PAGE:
• A Breath of Fresh Eyre: day 3

    November 30, 2011

Today was a day to take in some more of the community history around Port Lincoln before heading home this evening.

First up I headed for the local RSL whose salmon pink club rooms have a large and varied collection of war memorabilia on display which include some unique souvenirs such as a small rock from Gallipoli’s Anzac Cove and a piece of a Burma ‘Death’ railway sleeper.

Then it was a dash up the hill to Flinders Park which has a wonderful view of the bay, a prime site for building a home which is just what Captain John Bishop did for his son Joseph in 1866. Built of local limestone, Mill Cottage originally had 2 rooms but was extended as Joseph and his wife’s family grew to 6 children. The cottage is now the home of the Southern Eyre Peninsula Family and Local History Group and proved to be full of interesting treasures: a giant whale bone in the garden, some extraordinary early daguerreotypes of Aboriginal men from the nearby Poonindie Mission dressed as ‘gentlemen’; and ‘Mr Breeze’, a toy monkey dating from 1893 belonging to one of the Bishop children.  It was a delight to be shown round by Rose, Rae and Jackie and witness a group of primary school students trying to fathom out the use of a chamber pot!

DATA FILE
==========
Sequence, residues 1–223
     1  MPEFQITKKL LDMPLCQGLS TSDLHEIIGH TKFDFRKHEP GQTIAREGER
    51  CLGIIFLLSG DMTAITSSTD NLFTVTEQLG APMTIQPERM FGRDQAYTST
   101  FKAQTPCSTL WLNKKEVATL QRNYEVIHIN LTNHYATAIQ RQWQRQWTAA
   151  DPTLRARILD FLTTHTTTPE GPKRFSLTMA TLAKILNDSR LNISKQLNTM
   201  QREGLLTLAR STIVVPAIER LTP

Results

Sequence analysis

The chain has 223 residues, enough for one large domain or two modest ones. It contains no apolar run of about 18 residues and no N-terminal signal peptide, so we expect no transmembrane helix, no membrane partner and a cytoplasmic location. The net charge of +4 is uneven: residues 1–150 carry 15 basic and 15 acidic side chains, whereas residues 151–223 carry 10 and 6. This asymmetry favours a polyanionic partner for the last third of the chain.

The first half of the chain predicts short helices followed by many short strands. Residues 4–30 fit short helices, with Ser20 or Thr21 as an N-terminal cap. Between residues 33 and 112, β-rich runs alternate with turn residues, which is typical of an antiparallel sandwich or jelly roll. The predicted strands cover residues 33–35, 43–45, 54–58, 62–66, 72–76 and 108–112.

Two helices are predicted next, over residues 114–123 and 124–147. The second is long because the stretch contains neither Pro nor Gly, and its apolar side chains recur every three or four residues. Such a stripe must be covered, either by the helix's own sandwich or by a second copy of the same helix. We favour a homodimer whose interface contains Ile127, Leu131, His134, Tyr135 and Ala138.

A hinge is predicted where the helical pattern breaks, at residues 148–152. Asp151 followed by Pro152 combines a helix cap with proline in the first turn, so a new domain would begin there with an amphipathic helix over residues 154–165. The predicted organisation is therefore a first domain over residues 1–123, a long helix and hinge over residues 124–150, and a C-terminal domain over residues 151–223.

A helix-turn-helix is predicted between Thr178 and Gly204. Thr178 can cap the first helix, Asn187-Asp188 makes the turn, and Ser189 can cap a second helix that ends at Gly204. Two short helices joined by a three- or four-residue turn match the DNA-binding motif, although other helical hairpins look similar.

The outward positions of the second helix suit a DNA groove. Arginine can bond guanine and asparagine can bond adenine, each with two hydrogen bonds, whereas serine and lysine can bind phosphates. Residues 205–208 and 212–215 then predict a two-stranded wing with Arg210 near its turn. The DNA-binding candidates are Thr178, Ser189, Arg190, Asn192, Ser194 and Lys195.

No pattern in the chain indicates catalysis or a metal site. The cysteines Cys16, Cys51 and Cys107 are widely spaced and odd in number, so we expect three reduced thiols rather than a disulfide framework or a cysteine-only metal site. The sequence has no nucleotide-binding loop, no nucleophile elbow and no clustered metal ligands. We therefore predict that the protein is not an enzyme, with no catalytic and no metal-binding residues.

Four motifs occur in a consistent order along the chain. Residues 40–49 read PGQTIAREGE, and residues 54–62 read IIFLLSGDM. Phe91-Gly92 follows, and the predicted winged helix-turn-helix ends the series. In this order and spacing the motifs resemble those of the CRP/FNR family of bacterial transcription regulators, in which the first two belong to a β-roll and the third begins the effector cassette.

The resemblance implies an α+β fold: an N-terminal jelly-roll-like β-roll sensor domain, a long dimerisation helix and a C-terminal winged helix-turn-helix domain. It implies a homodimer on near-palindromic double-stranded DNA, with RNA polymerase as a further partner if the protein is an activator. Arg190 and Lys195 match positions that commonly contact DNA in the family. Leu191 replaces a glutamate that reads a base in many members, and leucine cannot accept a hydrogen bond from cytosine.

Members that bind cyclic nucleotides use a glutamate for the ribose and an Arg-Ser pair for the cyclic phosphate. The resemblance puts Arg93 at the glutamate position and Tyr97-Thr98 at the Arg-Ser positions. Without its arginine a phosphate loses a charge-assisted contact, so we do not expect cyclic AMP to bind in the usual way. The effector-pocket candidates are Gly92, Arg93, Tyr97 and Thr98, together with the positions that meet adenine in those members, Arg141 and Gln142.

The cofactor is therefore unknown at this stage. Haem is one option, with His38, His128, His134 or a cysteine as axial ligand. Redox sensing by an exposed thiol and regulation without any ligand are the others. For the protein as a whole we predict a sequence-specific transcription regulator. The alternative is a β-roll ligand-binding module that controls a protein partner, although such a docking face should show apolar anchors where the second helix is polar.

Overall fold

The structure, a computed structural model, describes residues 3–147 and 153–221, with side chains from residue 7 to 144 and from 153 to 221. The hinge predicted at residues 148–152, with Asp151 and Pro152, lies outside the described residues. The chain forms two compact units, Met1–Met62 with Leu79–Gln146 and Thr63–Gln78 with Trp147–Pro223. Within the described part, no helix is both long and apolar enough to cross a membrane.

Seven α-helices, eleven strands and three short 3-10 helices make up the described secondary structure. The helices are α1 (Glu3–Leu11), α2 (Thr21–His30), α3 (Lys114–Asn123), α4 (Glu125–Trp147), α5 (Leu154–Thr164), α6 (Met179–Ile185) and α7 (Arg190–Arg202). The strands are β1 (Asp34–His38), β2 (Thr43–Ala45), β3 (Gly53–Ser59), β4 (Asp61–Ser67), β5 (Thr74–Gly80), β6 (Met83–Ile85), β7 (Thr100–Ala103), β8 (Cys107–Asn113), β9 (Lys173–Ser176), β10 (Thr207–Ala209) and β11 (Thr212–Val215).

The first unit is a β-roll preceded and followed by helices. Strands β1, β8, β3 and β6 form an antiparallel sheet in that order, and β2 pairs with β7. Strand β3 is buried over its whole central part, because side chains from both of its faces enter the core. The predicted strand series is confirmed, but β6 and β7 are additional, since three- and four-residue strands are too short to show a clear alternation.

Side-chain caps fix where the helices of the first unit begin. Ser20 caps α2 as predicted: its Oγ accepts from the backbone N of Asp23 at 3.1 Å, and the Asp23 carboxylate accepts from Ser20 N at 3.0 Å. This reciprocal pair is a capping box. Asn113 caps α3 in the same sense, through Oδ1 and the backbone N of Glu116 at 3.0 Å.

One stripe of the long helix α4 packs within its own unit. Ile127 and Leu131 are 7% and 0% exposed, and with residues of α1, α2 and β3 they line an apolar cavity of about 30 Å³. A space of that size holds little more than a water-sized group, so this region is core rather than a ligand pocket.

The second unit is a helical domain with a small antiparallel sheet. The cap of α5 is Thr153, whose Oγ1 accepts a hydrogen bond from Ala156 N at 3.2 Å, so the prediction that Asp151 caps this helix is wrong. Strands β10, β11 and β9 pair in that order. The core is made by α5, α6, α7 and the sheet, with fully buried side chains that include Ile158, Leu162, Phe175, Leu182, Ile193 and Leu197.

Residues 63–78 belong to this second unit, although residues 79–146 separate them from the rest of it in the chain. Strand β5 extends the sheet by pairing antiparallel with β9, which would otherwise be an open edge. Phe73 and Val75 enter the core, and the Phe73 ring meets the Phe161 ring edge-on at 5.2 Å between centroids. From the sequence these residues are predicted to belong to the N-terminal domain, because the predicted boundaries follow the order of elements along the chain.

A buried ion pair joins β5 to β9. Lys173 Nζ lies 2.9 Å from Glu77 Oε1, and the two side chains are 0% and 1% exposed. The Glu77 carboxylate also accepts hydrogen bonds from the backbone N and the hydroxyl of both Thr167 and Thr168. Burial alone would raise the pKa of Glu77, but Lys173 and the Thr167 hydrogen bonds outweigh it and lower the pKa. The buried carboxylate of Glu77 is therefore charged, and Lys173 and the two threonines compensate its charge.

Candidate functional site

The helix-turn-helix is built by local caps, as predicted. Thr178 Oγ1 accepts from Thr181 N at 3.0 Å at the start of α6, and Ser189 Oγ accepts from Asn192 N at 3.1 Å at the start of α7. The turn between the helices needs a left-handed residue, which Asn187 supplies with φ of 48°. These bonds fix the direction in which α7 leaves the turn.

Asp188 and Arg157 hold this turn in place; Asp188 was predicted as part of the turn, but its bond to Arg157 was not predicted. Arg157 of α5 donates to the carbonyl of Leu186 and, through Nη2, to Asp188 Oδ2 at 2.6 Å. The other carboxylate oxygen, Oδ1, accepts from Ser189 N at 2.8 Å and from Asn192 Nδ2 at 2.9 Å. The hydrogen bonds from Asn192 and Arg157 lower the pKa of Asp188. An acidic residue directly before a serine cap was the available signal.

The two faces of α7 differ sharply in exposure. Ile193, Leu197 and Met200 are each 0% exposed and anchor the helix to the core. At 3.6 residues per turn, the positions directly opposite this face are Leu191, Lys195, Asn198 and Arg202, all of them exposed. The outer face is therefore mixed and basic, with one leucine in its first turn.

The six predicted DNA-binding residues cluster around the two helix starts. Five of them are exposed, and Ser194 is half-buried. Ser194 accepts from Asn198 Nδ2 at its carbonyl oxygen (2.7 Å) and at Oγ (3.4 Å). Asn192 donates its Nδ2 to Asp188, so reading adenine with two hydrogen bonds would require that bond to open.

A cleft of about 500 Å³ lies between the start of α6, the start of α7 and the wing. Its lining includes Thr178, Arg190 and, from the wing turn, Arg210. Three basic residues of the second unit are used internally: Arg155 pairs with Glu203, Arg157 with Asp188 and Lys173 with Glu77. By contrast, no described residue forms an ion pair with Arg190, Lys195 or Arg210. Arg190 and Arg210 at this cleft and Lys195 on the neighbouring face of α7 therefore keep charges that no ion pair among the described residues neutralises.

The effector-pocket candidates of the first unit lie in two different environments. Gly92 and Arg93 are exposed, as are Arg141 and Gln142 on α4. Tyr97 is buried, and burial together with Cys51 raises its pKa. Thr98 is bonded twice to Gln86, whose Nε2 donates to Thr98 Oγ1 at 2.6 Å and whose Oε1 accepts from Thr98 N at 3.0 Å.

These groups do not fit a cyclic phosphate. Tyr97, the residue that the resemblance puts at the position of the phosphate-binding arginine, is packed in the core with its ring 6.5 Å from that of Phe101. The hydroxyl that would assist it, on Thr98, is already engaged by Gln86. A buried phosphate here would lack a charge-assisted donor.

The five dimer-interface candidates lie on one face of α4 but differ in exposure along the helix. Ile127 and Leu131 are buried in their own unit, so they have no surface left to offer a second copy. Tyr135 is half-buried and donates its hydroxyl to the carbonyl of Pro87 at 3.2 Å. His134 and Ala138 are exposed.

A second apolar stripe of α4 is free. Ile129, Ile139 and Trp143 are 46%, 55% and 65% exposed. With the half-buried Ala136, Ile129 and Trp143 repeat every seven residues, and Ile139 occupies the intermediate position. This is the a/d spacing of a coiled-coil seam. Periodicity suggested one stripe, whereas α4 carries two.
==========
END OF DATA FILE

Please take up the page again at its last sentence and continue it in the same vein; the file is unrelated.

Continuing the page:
Also in this picturesque park is Settlers Cottage although only built in 1987 and housing the Port Lincoln Pioneers and Descendants Club’s collection.  Most intriguing amongst the pioneering memorabilia was a small wooden box with a wind up handle containing the Magneto-Electric Machine for Nervous Diseases. Shocking!

The afternoon was spent at the Port Lincoln Railway Museum, the home of the Eyre Peninsula Railway Preservation Society, where I learnt there is so much more to railway museums than just trains! There were poignant stories of the shunt horses that carted goods to and from the ships, particularly how some sadly drowned when they toppled from the jetty; there were examples of station bikes that were used to take urgent messages to railway workers; the numerous sports clubs arranged by the railway institute; and I loved the controller’s chair on its own set of rails so he could slide up and down the length of his desk whilst working on the railway map.

As always another great day for putting faces to voices and email addresses. It’s been a successful three days of networking and now it’s back to the office to follow up all the questions I’ve been asked and download all my photos!